Mirrors to the soul

October 20, 2022   ·   0 Comments

By Constance Scrafield

In the course of my life, there have been chances to meet many interesting people, people of wealth, and those who were influential politicians in their own countries; once the Lord Mayor of London’s Dinner, held at Mansion House while living in the UK – you know, lots of interesting souls. Also, dear friends among the not-particularly-well- off, as well as folk who speak a bunch of languages.

People. In lots of places, doing and saying lots of things, lots of opinions, projects, dreams, ambitions and achievements.

Plenty of humour. So much fun.

“My dear!” said a lady with whom friends and I had dined at another time, “didn’t we laugh!”

We were gathered to attend yet another fine affair. I had asked at the former, when we were enjoying such hilarity, if it were “alright to have so much fun at a place like this?” and was reassured that it was.

This life presented me with a revelation and is the main thrust of what I, even unconsciously, look for in people. Without directing a particular conversation or imposing one of my grills of questions, a habit sometimes hard to put to one side, I watch a person’s eyes, which are the truth sayers of what lies behind.

In any conversation, there are stories; indeed, our whole life, our everyday are made up of the stories that command our minutes and waking hours. How are those stories being told and what is the impetus of the conversation that directed one to them? Any opinion comes with the tale of how it lodged itself in a person’s mind and the talents and skills that person possesses took effort and inclination to achieve.

Yet with all the skills and acquisitions a person may hold, what does the knowledge and wealth of any kind do for the other people in that person’s environment and beyond? A person may speak one or several languages but what matters is what that person has to say in any of those languages, looking for kindness, honesty, a thirst to learn.

The powerful person in business or at all is only a person who has a life that can do great good with its power. There is an interesting story about King Charles III. As Prince of Wales, he was very concerned about the poverty and racial tension in Leicester and made several forays to influence both elements in that area, setting up charities and offices to assist with resolutions. His interest and concern were constantly resisted by his own office, people trying to restrain his involvement as beneath his status. He could not understand why people should be left to struggle as they were.

In the course of designing Basic Income, Patricia (my daughter) discovered the following statistics: there are in Canada –as examples: 764,033 people who, in 2022 are making between one and five million dollars; 91,823 people made between $5 and $30 million. The numbers of people descend as the number of millions go up.

To facilitate the support that would encompass a wide spread Basic Income to everyone, she has created four new tax brackets beginning with earners of $334,446 and on up, looking on the definition of wealth income to include, bonuses and gifts over a certain amount, foreign investments, various earnings from property ownership – that sort of thing. While her construct of Basic Income is fundamentally universal, she believes it should stop short of being extended to earners who find themselves comfortably situated about or above the (already existing) 33% income tax bracket.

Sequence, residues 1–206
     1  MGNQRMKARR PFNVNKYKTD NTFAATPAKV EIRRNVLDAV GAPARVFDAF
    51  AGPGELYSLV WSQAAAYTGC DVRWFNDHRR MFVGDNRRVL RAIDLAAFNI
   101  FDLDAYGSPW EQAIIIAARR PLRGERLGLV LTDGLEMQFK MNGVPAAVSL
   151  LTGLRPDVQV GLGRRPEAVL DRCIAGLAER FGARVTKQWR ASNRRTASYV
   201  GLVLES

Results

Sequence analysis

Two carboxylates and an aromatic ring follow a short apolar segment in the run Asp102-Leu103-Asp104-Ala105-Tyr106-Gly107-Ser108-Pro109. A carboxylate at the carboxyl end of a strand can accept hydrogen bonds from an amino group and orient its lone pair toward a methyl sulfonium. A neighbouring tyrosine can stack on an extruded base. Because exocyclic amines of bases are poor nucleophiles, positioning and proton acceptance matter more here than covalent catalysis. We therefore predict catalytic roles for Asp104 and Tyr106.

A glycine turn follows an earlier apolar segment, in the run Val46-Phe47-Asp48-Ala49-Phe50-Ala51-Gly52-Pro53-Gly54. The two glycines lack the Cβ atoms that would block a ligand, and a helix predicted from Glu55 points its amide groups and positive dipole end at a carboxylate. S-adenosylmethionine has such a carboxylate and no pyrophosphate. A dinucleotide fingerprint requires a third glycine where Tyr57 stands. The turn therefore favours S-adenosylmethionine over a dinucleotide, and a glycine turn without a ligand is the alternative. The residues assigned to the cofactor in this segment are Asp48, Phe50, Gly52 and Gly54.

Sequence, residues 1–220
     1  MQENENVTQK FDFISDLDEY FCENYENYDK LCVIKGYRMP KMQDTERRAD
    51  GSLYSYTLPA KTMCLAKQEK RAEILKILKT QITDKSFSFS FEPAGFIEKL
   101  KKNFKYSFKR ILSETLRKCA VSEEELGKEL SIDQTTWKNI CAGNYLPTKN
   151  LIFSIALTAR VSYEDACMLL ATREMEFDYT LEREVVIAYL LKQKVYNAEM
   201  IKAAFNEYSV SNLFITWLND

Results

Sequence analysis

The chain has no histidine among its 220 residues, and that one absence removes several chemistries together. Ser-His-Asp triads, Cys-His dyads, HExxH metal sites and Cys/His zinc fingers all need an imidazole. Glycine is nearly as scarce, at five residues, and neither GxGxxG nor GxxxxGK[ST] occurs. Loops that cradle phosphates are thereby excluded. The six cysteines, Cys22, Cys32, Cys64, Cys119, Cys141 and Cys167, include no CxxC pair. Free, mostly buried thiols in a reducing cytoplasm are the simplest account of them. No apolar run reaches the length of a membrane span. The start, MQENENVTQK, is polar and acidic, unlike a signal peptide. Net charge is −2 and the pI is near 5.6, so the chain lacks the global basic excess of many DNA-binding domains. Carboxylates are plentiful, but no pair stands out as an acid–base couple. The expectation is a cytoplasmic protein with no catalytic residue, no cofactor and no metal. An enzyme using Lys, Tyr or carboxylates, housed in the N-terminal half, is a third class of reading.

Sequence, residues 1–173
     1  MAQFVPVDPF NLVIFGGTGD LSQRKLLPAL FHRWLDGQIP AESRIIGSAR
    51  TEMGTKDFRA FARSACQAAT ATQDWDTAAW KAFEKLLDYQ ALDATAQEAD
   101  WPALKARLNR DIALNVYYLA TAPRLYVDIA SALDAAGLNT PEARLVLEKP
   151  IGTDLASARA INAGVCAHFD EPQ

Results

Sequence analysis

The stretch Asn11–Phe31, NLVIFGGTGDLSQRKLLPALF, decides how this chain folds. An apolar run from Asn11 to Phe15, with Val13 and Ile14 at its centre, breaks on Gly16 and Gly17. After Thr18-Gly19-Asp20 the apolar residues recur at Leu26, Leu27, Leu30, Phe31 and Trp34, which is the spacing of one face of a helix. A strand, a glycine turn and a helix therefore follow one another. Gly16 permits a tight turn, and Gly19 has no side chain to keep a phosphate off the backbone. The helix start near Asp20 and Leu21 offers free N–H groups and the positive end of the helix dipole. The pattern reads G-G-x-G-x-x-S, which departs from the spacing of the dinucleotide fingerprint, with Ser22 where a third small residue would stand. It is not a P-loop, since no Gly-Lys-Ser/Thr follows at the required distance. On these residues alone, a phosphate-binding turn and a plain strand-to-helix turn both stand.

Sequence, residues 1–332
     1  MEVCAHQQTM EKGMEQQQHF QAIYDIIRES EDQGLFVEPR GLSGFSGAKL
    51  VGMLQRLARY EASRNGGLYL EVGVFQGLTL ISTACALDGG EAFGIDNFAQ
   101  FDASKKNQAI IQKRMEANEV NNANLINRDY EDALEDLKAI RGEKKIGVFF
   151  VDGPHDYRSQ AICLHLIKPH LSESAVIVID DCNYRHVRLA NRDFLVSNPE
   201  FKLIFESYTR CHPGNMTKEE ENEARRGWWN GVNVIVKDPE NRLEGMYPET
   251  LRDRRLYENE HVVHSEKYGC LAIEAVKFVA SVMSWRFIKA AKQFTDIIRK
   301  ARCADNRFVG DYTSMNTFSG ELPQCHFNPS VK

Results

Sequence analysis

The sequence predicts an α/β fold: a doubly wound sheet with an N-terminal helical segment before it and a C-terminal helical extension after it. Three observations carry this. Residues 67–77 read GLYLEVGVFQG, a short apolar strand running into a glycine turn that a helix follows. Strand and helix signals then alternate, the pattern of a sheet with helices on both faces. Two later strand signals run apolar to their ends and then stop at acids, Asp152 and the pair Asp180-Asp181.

Still, governments are toddies to the industrialists that have made themselves the real rulers of any country and once a person comes to the seat of power, right away they tell the new “chief” how things are and they corrupt the power of government, which was granted by the electorate of the country – big business corrupts with either threats or bribes.

So, to talk as Patricia does, of moderate taxes but sincerely meant to apply to all the sources of income that corporations and their CEOs and the whole self-involved pack of the so-called 1% for the benefit of the, say, 73 per cent is visionary in its structure and very likely to be confronted with push back and the usual yak about being job creators and the fiscal backbone of the nation.

Yet, amongst them, those of the 1 per cent, there are all sorts of eyes barely hiding the secret fears that accompany real wealth and there may be a hint, a whisper of the fairness of such a scheme; that it might be true that no one should live in poverty and no one should volunteer to die because not enough money can be given within all this wealth all around us for them to live in comfort and a clean environment, like a basic human right.

Since living here, more than ever, I have met many artists – wow – of every media and in a way, as not really noticed elsewhere, I am one of them. Connecting to people is all important to me but feeling as though one is part of that world has never been my experience until my life here.

Above all, let there be humour: “My dear! Didn’t we laugh!” I want that on my tombstone.

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